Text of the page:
Fiona Moore is originally from Burton-on-Trent, near Birmingham, and now works as a freelance translator in Bremen. She fell in love with Bremen in her early twenties. That was back in 2000, but 17 years later she is still as enchanted by the city as she was on the first day. She tells us about settling in Bremen, about her family and about being fortunate to have found a home in here.
Photography studios, workshops and professional kitchens are rarely fully occupied round the clock. So why not let others share them? The german start-up Craftspace brings together providers of production spaces with entrepreneurs, small business owners and artists on a single online platform. It’s an arrangement that benefits everyone.
It’s an adventure playground for kids, an idyllic sanctuary for couples, and a quiet retreat for those looking to escape from stress – from joggers and Nordic walkers to lovers of nature and culture, the Bürgerpark in the centre of Bremen has something for everyone. For the last 150 years, this protected heritage site in the centre of Bremen has relied solely on the support of donations to keep it open and well-maintained.
A great deal of manual labour goes into aircraft construction. Despite this – or perhaps even because of it – Airbus is changing its approach to make increased use of digital technologies. It’s also researching the applications of new manufacturing technologies such as 3D printing. And not a moment too soon, as Airbus’ site manager in Bremen, Dr André Walter, explains in our interview.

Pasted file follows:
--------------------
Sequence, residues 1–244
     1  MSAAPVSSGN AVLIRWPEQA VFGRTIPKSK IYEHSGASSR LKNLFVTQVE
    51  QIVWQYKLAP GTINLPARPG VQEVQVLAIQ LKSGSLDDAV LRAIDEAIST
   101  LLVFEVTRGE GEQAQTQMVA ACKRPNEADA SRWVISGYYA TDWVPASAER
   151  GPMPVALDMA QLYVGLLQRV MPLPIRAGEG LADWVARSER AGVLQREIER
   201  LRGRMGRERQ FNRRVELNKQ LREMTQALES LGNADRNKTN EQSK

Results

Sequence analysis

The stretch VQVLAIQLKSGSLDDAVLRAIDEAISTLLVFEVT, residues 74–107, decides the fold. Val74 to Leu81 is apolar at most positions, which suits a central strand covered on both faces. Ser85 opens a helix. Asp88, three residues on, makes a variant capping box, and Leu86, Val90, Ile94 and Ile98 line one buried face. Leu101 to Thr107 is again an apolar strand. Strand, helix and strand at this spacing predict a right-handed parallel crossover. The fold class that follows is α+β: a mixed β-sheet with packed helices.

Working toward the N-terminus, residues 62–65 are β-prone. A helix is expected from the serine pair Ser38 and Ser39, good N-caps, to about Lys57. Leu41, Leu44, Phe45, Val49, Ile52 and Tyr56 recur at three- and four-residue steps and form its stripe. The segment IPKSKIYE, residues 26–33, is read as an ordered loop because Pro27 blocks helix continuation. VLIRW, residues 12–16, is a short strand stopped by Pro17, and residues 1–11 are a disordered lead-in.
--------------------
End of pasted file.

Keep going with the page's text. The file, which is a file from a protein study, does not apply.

GeoSea, a subsidiary of the Belgian DEME group, is helping to construct of some of the largest offshore wind farms in the German North Sea – and in Bremen, the company has found the ideal location to carry out its work.
Art, design and people with disabilities make up the fascinating focus of the work of two young designers from Bremen. Working together with employees from community-based workshops, they develop and improve on designs for handmade products – and are continually thrilled by the potential they see in their co-designers.
Companies wishing to access the European market should be careful about their choice of location. Brexit could result in significantly higher financial and tax burdens for UK-based companies. Under these circumstances, setting up a base on the continent might be a better option. Find out what challenges companies will be facing.
Environmentally friendly manufacturing and ethical standards are the principles on which the fair trade clothing sector is based. Leela Cotton, a successful German-Turkish textile company, produces clothes for children and adults that are not only stylish, but also make a positive contribution to the environment in the way they are manufactured.
Why have so many IT companies chosen to establish themselves in Bremen? We asked five key business figures and researchers from various organisations to tell us what makes the city such an attractive location for the IT sector.